United States District Court, W.D. Tennessee, Western Division
DAVID T. JONES, Plaintiff,
SHELBY COUNTY SHERIFF'S DEPARTMENT, OFFICER FNU WILLIAM and OFFICER FNU FISH, Defendants.
ORDER DISMISSING COMPLAINT
H. LIPMANUNITED STATES DISTRICT JUDGE.
the Court is Magistrate Judge Charmaine G. Claxton's
Report and Recommendation (“Report”) (ECF No. 5),
filed February 14, 2018, recommending dismissal of
Plaintiff's Complaint. A magistrate judge may submit to a
judge of the court proposed findings of fact and
recommendations for involuntary dismissal of an action for
failure to state a claim for which relief can be granted. 28
U.S.C. § 636(b)(1)(B). The district judge may then
“accept, reject, or modify the recommended disposition;
receive further evidence; or return the matter to the
magistrate judge with instructions.” Fed.R.Civ.P.
72(b)(3); see also 28 U.S.C. § 636(b)(1).
Jones complains about inhumane conditions of confinement at
the Shelby County Jail in Memphis, Tennessee (also known as
“201 Poplar”). In his Complaint, he alleges that
the jailers “[take] gang members around . . . and pass
out rubber gloves to beat inmates to death.” (ECF No. 1
at 2.) He refers to “gang control terrismson [sic]
thunderdorm [sic] cannibalism fights inside the jail.”
(ECF No. 1-1 at 1.) He also alleges that dozens of inmates
die at 201 Poplar every day, and that government officials
are feeding the bodies to the other detainees. (Id.)
to Mr. Jones, these actions are allegedly intended, in part,
either to prevent Mr. Jones from telling others about what is
going on or to retaliate against him for filing other
unspecified complaints. Mr. Jones alleges that his own life
has been endangered dozens of times over the past sixteen
years, since he began filing complaints against the Sheriff.
(ECF No. 1-1 at 2-3.) On one occasion, he complains that he
was assigned to “the suicide cell” at 201 Poplar
“because the Sheriff stated that [he] had to die,
because [he was a] witness.” (Id. at 1.) He
also complains that he was “[taken] off [his] trial in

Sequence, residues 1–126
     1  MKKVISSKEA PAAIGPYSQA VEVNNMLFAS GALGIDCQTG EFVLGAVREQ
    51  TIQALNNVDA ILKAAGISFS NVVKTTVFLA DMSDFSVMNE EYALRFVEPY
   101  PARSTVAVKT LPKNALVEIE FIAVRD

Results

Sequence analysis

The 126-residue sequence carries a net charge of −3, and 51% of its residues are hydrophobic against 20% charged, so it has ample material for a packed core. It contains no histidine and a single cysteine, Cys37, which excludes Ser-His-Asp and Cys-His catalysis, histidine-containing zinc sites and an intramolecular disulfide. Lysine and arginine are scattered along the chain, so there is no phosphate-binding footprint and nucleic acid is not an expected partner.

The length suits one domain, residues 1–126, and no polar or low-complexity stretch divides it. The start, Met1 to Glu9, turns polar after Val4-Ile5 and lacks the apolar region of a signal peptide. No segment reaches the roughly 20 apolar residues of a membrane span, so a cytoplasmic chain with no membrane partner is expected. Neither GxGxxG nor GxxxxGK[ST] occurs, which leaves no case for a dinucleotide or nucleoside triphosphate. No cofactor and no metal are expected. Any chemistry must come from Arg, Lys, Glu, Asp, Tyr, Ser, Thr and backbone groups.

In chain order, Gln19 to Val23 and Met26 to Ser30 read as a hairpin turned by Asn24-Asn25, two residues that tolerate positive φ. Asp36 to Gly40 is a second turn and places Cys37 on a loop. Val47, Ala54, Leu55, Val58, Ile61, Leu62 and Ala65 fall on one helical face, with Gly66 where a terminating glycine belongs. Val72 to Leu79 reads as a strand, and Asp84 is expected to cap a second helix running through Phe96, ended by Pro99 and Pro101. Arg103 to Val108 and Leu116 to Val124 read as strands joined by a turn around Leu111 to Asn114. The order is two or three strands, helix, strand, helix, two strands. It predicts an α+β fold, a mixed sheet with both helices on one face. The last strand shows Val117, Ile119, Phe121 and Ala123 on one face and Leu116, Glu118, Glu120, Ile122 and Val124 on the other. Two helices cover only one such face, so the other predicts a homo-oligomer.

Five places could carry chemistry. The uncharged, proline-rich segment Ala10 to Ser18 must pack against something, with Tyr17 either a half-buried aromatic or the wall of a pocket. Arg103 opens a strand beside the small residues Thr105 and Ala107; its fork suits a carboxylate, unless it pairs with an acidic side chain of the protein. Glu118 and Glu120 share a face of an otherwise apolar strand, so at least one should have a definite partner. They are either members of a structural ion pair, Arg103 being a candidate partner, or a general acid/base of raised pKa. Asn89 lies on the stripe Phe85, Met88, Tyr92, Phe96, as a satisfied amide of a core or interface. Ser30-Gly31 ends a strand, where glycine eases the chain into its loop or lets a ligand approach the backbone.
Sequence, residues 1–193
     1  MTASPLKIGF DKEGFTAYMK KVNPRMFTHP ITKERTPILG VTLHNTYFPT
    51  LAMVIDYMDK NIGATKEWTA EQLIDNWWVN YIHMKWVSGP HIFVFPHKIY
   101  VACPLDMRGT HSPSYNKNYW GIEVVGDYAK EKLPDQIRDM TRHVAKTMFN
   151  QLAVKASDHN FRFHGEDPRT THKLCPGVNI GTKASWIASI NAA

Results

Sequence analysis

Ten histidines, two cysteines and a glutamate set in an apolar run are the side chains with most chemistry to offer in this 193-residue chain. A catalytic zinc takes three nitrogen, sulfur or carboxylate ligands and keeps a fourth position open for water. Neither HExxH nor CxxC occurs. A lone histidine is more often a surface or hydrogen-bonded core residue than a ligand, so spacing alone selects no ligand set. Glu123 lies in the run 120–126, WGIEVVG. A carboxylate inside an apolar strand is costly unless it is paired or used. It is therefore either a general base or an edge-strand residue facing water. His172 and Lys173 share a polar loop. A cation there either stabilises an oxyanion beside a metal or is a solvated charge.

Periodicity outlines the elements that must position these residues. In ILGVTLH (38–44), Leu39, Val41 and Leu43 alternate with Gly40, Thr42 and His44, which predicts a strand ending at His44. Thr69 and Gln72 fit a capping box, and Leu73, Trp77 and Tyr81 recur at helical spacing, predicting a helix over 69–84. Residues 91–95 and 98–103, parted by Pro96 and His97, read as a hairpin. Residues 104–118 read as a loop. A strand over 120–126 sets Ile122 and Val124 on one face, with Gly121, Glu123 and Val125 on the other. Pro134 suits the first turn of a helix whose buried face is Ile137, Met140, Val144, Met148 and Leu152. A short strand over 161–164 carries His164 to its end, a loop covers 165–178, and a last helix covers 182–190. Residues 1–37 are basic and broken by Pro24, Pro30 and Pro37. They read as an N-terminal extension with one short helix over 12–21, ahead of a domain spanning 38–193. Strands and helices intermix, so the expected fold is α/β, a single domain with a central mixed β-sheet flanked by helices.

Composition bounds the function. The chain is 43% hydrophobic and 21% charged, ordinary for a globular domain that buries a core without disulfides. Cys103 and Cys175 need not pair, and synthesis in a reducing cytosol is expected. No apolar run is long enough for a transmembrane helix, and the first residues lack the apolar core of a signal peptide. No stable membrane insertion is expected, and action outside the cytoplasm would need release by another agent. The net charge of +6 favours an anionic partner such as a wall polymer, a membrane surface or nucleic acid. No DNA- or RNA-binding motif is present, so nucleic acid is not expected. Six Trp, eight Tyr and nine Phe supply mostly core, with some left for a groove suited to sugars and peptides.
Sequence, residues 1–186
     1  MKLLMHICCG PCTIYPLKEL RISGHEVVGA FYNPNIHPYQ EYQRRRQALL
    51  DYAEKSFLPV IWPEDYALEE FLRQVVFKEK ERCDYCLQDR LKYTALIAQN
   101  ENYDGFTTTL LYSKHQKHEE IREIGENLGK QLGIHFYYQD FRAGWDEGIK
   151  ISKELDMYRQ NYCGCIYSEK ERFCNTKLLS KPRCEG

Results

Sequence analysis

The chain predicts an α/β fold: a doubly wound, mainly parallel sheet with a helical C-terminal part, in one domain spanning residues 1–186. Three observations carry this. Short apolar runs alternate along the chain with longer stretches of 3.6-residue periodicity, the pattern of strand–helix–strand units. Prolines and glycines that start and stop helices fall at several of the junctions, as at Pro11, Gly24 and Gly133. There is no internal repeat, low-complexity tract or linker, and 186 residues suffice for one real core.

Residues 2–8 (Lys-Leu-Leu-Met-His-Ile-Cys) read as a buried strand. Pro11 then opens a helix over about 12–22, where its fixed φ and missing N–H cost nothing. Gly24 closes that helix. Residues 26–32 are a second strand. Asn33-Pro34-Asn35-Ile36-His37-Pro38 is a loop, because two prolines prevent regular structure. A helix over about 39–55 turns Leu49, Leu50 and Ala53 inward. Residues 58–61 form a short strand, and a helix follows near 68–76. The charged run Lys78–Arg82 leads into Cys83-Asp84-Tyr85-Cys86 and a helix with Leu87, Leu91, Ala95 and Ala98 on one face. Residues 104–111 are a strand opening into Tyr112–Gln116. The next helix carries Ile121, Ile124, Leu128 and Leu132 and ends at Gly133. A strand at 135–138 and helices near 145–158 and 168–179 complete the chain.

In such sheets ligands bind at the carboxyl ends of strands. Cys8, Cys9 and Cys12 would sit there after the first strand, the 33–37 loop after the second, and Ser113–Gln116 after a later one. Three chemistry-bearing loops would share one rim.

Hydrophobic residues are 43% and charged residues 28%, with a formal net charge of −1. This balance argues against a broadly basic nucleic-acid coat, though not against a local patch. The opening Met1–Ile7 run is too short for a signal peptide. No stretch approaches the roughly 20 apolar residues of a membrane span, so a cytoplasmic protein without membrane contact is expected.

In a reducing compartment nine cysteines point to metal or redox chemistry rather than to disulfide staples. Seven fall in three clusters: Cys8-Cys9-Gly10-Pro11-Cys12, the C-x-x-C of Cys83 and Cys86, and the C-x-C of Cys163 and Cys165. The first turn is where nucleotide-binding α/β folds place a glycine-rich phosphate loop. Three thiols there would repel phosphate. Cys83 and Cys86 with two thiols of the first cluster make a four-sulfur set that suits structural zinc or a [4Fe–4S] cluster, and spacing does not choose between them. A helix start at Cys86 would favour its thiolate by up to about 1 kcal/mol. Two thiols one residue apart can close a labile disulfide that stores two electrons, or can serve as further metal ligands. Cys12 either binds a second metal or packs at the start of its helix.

Criminal Court, ” sent “to a mental hospital in
Nashville, Tennessee, ” and “put . . . on lots of
medication to cover up [the truth] so [that] the real state
and federal government [won't] investigate them or get
involved in this matter.” (Id. at
Judge Claxton found that the Complaint was “largely
incomprehensible” and that it failed to “assert
any coherent claim against any person or entity under any
colorable legal theory.” (ECF No. 5 at 2.) As such, she
concluded that it did not comply with the Federal Rules of
Civil Procedure, which require “a short and plain
statement of the claim showing that the pleader is entitled
to relief, ” and recommended that the Complaint be
dismissed. (Id. at 5.)
Court finds that the Complaint should be dismissed, agreeing
with Judge Claxton that many of the allegations here are
difficult to decipher and untethered to a cause of action. In
addition, that which can be deciphered here is
“factually frivolous.” Twenty-eight U.S.C. §
1915(e)(2)(B)(i) directs that a district court
“shall” dismiss a case “at any time if the
court determines that . . . the action . . . is frivolous or
malicious.” Thus, the Court is to engage in the
“unusual” act of “pierc[ing] the veil of
the complaint's factual allegations and dismiss[ing]
those claims whose factual contentions are clearly
baseless.” Hill, 630 F.3d at 471 (quoting
Neitzke v. Williams, 490 U.S. 319, 327 (1989)).
“Unlike a dismissal for failure to state a claim, where
a judge must accept all factual allegations as true, a judge
does not have to accept ‘fantastic or delusional'
allegations . . . in pro se prisoner complaints reviewed for
frivolousness.” Id. (quoting Neitzke,
490 U.S. at 327-28). A finding of factual frivolousness is
not appropriate when the Court simply “finds the
plaintiff's factual allegations unlikely.”
Denton v. Hernandez, 504 U.S. 25, 32-33 (1992).
Rather, it is appropriate “when the facts alleged rise
to the level of the irrational or the wholly
Jones appears to be in a great deal of distress, and the
Court wishes him well. The allegations presented, however,
rise to the level of the irrational and the incredible.
See id. As such, dismissal of his Complaint is
appropriate under 28 U.S.C. § 1915(e)(2)(B)(i), as well
as for failure to state a claim.
IS SO ORDERED,
 Mr. Jones was entitled to file any
objections to the Report within fourteen days of being served
with a copy. See id. As of April 13, 2018, Mr. Jones
had filed no objections.
 Although he contests the diagnosis,
Mr. Jones's Complaint discloses that he has been
diagnosed with paranoid schizophrenia. (Id.) He also
complains that “disaster” follows him in and out
of state custody, and that “the medication the state
put [him] on [almost] shut down [his] ...